Palestinian youth clash with Israeli police Thursday in Jerusalem.

Rabbi's Shooting Has Israel on the Edge

Daniel Gordis is senior vice president and Koret distinguished fellow at Shalem College in Jerusalem. Author of 11 books, his latest is "Israel: A Concise History of a Nation Reborn."
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The Menachem Begin Heritage Center is adjacent to the German Colony and Bakka, two of the most expensive residential areas in Jerusalem. Located in West Jerusalem, not in a contested area, the center is a museum and conference center often used by government officials. So safe is its surrounding area, though, that there's often no real security at the entrance. When I was working on my biography of Menachem Begin and used its archives extensively, no one ever searched my bag. It was an undeclared safe zone.

All that changed last night. Jerusalem went to sleep to the news that after an event at the center, an unknown assailant had shot Rabbi Yehuda Glick, who has both American and Israeli citizenship and is a well-known advocate for greater Jewish access to the Temple Mount. Glick, the news said, had been hit four times (in the chest, stomach, neck and arm) by an assailant who first spoke with him to ascertain his identity, and then fled on a motorcycle. Glick, Shaare Zedek hospital said, was in serious but stable condition.

Jerusalem then woke up this morning to the sounds of helicopters hovering over the city, always a sign that the security apparatus is out in force. Shortly after, it was reported that the gunman, 32-year-old Moataz Hejazi, had been located and killed in a gunfight with security services.

"How had he been found so quickly?" people wondered. Then came the disturbing news that the gunman had worked in the restaurant located in the Begin Center. To complicate matters, it was soon reported he had ties to the Islamic Jihad, had attacked jailers while in an Israeli prison, had made a video in which he boasted of wanting to be a thorn in the throat of Zionists -- and despite all that, was not under surveillance and was allowed to work in a place frequented by public figures. It was, popular mood quickly decided, a shocking security blunder.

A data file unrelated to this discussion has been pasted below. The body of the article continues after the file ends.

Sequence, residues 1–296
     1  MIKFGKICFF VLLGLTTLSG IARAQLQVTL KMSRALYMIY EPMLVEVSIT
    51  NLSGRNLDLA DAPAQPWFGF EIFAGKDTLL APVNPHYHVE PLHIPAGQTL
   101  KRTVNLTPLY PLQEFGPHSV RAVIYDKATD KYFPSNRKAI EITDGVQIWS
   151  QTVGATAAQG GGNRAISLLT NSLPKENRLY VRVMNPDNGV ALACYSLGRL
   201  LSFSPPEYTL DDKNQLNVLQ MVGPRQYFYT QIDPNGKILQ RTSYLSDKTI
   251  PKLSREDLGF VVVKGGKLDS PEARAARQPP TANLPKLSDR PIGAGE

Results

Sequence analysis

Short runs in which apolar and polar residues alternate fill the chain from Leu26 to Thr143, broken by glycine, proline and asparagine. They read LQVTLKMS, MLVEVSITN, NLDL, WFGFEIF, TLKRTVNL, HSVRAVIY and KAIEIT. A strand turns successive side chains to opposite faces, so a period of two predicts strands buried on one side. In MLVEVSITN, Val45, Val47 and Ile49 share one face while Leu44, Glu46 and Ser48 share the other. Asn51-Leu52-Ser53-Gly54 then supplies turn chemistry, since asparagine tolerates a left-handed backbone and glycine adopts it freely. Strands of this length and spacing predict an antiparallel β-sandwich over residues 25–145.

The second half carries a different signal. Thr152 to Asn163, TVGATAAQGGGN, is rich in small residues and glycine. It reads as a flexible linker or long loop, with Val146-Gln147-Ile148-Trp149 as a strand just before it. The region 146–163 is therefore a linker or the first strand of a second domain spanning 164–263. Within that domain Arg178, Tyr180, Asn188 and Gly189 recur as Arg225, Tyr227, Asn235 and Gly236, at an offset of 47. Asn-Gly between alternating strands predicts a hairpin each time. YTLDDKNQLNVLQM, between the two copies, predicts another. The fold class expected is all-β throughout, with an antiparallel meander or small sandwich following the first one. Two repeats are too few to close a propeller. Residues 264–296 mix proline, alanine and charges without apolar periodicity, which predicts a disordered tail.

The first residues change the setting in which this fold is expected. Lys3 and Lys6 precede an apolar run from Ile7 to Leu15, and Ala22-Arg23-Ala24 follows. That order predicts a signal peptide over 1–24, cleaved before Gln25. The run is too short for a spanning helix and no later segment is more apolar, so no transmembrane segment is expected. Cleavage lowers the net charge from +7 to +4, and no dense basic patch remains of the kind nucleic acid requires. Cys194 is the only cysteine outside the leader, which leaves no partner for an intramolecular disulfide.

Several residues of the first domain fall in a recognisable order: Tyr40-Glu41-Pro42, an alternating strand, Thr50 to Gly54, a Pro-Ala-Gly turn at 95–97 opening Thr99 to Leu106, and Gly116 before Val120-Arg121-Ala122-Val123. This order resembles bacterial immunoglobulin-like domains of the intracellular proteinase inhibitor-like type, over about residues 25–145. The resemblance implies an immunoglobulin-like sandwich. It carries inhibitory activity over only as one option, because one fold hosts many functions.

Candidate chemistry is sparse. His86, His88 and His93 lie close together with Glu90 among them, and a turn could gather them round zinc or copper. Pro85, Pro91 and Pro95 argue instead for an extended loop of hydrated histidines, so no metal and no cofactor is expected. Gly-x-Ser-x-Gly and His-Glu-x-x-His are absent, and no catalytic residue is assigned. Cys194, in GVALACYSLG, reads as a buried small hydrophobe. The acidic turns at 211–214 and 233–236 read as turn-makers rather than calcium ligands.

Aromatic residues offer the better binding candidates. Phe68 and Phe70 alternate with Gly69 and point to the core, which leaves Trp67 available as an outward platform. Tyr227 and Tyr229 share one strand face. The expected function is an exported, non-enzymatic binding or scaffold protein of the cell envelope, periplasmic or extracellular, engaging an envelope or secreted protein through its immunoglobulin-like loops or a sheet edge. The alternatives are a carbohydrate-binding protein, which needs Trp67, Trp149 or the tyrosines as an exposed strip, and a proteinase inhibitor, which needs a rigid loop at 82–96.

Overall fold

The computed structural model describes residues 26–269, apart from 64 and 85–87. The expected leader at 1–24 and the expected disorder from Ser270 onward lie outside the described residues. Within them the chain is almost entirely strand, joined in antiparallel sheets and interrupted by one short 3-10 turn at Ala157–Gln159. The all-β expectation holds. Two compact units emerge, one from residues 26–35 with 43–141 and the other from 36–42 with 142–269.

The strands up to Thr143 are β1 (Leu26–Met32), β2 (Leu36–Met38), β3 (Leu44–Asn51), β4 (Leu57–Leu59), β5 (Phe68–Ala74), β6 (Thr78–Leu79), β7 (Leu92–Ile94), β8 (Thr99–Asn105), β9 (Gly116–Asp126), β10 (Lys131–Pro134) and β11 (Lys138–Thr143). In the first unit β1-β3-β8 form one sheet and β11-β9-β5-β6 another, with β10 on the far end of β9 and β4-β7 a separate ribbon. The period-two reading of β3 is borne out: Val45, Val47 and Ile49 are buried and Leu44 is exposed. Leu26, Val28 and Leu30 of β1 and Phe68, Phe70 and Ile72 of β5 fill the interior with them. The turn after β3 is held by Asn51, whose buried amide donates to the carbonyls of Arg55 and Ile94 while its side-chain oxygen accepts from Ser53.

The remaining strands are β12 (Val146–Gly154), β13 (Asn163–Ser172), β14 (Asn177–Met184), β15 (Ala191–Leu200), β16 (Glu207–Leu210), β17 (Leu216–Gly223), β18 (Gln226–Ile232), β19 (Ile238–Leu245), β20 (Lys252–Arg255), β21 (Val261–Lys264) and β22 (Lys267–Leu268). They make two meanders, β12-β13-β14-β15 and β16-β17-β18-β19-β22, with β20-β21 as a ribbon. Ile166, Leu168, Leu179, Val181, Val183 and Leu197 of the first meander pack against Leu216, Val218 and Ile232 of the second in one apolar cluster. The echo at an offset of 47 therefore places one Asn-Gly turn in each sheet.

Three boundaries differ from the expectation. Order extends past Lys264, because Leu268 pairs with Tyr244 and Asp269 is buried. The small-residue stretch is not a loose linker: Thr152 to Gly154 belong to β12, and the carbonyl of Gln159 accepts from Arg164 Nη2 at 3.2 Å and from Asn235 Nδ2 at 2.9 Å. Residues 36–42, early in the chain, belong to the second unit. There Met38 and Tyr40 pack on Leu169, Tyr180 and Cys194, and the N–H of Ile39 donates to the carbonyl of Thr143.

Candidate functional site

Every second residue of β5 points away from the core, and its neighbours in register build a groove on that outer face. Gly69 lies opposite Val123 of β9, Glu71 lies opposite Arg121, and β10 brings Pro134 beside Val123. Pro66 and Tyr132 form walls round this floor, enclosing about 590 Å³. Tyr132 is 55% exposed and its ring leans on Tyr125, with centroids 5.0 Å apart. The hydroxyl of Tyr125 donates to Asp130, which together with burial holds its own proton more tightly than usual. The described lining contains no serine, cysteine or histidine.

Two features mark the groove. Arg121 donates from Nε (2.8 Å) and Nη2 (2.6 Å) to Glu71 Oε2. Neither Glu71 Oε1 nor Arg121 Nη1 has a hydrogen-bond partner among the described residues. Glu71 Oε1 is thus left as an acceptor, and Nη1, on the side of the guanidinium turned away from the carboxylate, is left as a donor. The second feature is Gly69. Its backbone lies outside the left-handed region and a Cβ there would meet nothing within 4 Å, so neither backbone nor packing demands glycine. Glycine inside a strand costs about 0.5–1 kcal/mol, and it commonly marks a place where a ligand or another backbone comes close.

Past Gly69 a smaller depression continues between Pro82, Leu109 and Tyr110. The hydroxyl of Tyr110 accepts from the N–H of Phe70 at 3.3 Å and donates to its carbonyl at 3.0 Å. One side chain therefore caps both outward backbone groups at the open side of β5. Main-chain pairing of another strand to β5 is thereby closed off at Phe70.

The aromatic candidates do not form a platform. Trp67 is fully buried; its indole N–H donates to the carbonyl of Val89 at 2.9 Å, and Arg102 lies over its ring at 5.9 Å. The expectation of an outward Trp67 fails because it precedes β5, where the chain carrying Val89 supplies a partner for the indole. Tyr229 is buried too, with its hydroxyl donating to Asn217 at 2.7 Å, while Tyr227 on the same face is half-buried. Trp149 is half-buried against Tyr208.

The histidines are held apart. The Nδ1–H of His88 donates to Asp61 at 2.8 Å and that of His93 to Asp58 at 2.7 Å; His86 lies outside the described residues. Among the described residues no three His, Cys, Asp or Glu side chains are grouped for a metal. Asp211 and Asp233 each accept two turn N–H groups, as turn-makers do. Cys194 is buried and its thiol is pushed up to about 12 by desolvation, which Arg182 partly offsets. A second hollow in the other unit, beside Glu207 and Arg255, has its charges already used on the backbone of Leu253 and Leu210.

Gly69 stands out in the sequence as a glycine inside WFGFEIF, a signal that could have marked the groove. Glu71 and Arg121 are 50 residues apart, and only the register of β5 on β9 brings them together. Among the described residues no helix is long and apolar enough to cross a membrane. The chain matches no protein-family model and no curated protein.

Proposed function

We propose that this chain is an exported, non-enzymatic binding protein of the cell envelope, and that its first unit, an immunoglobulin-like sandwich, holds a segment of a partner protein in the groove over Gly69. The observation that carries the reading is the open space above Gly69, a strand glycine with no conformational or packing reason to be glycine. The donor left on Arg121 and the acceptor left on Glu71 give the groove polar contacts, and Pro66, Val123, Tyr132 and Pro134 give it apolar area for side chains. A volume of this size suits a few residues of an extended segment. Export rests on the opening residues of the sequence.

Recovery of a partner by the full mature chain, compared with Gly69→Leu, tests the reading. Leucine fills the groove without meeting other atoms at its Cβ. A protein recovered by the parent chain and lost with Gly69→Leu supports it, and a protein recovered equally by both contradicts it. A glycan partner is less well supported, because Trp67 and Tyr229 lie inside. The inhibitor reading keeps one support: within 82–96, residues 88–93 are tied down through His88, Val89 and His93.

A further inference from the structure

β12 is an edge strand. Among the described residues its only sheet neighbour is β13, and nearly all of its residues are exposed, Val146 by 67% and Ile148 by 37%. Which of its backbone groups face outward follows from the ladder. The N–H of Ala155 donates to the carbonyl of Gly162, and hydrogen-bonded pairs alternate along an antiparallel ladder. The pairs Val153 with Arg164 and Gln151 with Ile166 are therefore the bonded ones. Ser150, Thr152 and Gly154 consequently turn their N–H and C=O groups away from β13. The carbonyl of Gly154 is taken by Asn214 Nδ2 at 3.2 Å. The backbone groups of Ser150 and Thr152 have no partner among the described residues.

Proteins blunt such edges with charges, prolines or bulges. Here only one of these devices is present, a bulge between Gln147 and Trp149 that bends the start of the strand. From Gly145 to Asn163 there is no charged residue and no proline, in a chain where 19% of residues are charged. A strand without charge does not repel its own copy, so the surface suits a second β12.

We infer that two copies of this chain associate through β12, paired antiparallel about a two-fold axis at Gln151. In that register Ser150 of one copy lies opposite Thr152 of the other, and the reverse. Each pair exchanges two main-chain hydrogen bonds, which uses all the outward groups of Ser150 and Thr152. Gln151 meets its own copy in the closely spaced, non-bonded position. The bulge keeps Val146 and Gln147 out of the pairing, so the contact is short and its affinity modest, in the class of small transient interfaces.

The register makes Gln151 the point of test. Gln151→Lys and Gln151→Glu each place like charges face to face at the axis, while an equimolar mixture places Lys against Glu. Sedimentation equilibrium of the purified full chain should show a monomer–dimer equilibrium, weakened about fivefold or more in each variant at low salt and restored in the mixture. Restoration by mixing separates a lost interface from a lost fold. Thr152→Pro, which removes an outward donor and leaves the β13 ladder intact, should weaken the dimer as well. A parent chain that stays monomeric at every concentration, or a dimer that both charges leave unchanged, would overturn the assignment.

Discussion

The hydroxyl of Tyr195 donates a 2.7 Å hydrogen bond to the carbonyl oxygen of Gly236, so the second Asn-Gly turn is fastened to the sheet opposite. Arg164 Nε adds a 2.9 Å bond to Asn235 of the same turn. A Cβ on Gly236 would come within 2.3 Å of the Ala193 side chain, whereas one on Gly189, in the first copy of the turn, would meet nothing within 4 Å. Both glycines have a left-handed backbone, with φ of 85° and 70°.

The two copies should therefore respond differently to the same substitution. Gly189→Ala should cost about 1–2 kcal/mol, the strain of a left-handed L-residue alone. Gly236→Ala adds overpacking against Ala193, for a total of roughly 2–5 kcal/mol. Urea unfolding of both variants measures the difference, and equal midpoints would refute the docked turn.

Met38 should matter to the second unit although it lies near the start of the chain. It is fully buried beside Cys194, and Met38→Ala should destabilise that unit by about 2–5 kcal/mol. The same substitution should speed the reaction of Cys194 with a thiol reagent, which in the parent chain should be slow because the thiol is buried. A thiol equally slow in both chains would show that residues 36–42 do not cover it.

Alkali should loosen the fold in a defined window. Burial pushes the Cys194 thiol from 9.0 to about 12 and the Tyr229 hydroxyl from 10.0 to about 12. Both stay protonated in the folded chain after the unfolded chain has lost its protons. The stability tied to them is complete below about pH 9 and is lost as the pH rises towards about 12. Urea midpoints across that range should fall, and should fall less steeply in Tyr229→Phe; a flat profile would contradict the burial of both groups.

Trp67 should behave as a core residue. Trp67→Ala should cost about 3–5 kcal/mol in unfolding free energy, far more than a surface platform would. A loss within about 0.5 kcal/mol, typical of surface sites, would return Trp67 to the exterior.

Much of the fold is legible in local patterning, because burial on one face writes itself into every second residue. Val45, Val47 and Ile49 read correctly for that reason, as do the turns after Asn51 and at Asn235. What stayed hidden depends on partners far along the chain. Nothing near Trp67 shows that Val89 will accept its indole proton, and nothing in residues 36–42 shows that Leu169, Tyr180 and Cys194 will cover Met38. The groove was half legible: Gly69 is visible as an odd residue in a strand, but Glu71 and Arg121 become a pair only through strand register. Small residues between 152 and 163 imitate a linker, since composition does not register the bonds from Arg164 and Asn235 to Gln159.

Blunder or not, the attack on an unarmed rabbi (who, though right wing, had advocated that Jews and Muslims pray together on the Temple Mount, a hugely significant site for both religions) in a supposedly safe place crossed an unspoken red line. Senior officials accused Prime Minister Benjamin Netanyahu and Nir Barkat, Jerusalem's mayor, of having lost control of the city. Jerusalem is still recovering from the intentional running over of pedestrians by a Palestinian at a rail station last week. Following that attack, the press has stressed the high tensions in the city, with police worrying that the worst was yet to come. Just four days ago, in what has to be a note of exceptional irony even in this region, Palestinian Authority President Mahmoud Abbas (whose administration actually honored the two men who kidnapped and killed three Israeli teenagers this summer) asked the U.S. to put a stop to the escalations.

But neither side could calm things down, it seems, perhaps because it all unfolded just as Israel is embroiled in several international brouhahas. U.S. Secretary of State John Kerry ludicrously claimed that the rise of Islamic State could be attributed in part to the failed peace talks between Israel and the Palestinians (a comment that convinced Israelis, once again, that the U.S. administration does not begin to understand this region); a White House official called Netanyahu a "chickenshit," which incensed the Israeli government and American Jewish community; and Sweden became the first European Union country to recognize a Palestinian State, leading Israel to recall its ambassador from Stockholm. To add another ominous note, senior Israeli Defense Force officials suggested today that if war breaks out with Hezbollah in Lebanon, Israel's Ben-Gurion International Airport will have to be closed from day one of the war. Israel has its hands more than full.

In response to the Glick shooting, Israel closed the Temple Mount to both Jews and Arabs -- exactly the opposite of what the rabbi had been working toward. Intended to prevent rioting on the Temple Mount, the Israeli action was described by Abbas as a "declaration of war."

Tensions are now extremely high throughout the city, and a huge police presence is reported in particularly volatile neighborhoods. With Fatah calling for a "day of rage" on Friday -- the day of the largest gatherings for Muslim prayer -- the city is a tinderbox. The question we are terrified to ask: Has the long threatened Third Intifada finally arrived?

This column does not necessarily reflect the opinion of Bloomberg View's editorial board or Bloomberg LP, its owners and investors.

To contact the author on this story:
Daniel Gordis at danielgordis@outlook.com

To contact the editor on this story:
Toby Harshaw at tharshaw@bloomberg.net